When functioning in an outpatient setting, clinicians need an outpatient EMR

Electronic Medical Record software (EMR) has been a requirement for a fair amount of time. The HITECH Act was passed in 2009 requiring EMR software for all hospitals. But, there wasn’t verbiage around how an outpatient EMR would differ from a system within a hospital setting.

In 2009 the healthcare landscape was vastly different. 

The number of independent surgery centers grew between 5-10% from the years 1990-2007. Then, in 2008 Medicare had an overhaul of out-patient facility fee schedules. This marked a turning point for growth.

Now, there are just under 10,000 ASCs across the United States and this number continues to grow each year. 

This context is important considering the early EMR software wasn’t exactly set up for out-patient facilities. In this article we’ll discuss how to navigate and choose an outpatient EMR. 

Further reading: more information on healthcare technology and the HITECH Act.

Things to Consider when Choosing an EMR System

Sure, facilities need an Electronic Medical Record system because it is required. However, with the right features and functionalities, hospitals and surgery centers alike can utilize the system to better track patient data. 

The majority of electronic medical record systems have the following capabilities:

  • Patient information such as history and physical
  • Diagnosis or test results 
  • Workflows to help with treatment and billing
  • A messaging tool for doctor-to-patient communication
  • Patient data reporting

Functionalities such as patient portals and digital billing are important. But, when choosing an EMR, a top priority should be security — making sure all data within the EMR is encrypted and authenticated.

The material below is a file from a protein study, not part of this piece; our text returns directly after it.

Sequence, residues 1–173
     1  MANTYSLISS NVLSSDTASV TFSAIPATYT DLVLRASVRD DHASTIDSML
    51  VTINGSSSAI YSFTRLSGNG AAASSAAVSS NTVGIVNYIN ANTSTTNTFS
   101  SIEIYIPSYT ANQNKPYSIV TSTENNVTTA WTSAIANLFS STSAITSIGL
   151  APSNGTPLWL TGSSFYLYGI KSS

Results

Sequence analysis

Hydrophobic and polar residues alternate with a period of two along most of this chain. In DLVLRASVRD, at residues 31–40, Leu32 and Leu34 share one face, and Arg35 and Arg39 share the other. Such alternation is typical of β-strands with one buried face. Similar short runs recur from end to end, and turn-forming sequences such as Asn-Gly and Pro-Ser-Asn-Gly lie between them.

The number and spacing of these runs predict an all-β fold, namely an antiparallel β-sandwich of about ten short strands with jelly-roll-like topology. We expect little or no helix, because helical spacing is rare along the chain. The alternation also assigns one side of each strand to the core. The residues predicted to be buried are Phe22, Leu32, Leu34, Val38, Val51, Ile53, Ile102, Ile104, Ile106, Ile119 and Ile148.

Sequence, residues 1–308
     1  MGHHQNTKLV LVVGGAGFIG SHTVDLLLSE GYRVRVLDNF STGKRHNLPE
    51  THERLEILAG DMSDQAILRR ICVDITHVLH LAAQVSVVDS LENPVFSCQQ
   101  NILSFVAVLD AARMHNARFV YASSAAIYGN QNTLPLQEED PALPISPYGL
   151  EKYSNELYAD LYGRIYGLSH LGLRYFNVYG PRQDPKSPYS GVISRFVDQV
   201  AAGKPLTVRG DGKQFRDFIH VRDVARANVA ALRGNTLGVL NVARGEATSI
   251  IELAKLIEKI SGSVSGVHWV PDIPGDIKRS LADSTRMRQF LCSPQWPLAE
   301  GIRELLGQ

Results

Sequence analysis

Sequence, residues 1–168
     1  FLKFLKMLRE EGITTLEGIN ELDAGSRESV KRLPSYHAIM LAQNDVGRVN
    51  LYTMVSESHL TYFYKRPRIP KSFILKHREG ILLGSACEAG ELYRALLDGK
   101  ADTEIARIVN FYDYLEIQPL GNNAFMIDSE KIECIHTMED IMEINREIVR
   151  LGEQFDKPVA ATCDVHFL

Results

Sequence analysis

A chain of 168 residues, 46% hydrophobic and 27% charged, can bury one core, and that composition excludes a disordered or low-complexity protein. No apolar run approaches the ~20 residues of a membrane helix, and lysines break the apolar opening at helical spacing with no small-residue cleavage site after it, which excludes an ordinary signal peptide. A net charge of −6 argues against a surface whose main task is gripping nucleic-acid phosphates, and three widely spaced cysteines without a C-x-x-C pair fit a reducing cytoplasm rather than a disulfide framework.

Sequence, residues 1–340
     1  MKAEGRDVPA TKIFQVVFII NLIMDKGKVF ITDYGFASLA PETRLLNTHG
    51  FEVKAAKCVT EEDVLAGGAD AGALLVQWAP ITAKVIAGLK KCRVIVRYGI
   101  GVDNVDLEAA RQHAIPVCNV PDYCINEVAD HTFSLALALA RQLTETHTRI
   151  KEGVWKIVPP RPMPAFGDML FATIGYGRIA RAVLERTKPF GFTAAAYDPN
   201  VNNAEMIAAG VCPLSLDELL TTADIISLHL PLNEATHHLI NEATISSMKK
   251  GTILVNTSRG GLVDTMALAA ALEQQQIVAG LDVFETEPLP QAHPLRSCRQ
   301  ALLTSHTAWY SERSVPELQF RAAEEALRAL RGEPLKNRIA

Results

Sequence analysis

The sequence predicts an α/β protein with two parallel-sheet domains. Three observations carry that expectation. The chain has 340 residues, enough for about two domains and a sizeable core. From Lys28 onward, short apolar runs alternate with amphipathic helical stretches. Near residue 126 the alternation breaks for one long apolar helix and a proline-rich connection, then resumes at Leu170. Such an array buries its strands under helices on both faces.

When deciding between software, it’s helpful to look at reviews on sites such as Capterra, but also consider your specific surgery center. What problems have you had in the past with EMRs? Are there problems you need to solve with a new system? Creating a list of questions and priorities will help decide what software is best for your facility. 

Further reading: cyber security in your surgery center.

Common Electronic Medical Record Problems 

Implementation and use of an electronic medical record system sounds great. However, most healthcare staff have some form of complaint about their EMR system. 

Many users complain that their system is clunky, difficult to use, outdated, and an overall waste of time. 

But, the most sinister complaint is that the system itself has made patient management cold. Some healthcare providers claim they spend more time inputting data into the system instead of tending to patients. Because EMR software aids in patient-to-doctor communication, some claim the EMR is an “iPatient” phenomenon taking away from face-to-face patient care. 

The National Academy of Medicine published a report saying clinicians spend 50% of their workday treating a screen — not the patient. And that means EMRs may play a role in physician burnout. 

For outpatient surgery centers, this is even more of a concern because the surgeon already doesn’t get as much time with a patient as a clinician at a hospital facility. So, an outpatient EMR would need to have functionality to streamline communications before and after the surgery but still allow for the surgeon to have face-to-face time with the patient. 

How can facilities navigate software that is required, yet a potential burden for clinicians? Certain software can help, running alongside electronic medical records software to help streamline documents and leave more time for patient interaction. 

Ways To Navigate Problems with Electronic Medical Records Systems 

Your outpatient facility is unique, and that means traditional EMR systems likely won’t solve all your needs right out of the box.

Supplemental software is one way to make a medical record system work more efficiently. These solutions can aid in patient check-ins as well as post-operative surveys. They could also help reduce costs from reimbursement rates because the surgeon can be more proactive with follow-up information. 

The best software solutions connect directly to your current medical record system to provide more customized options such as patient check-in tools, giving office staff more flexibility. They can also offer more efficient patient follow-up emails that come branded and customized by the surgeon.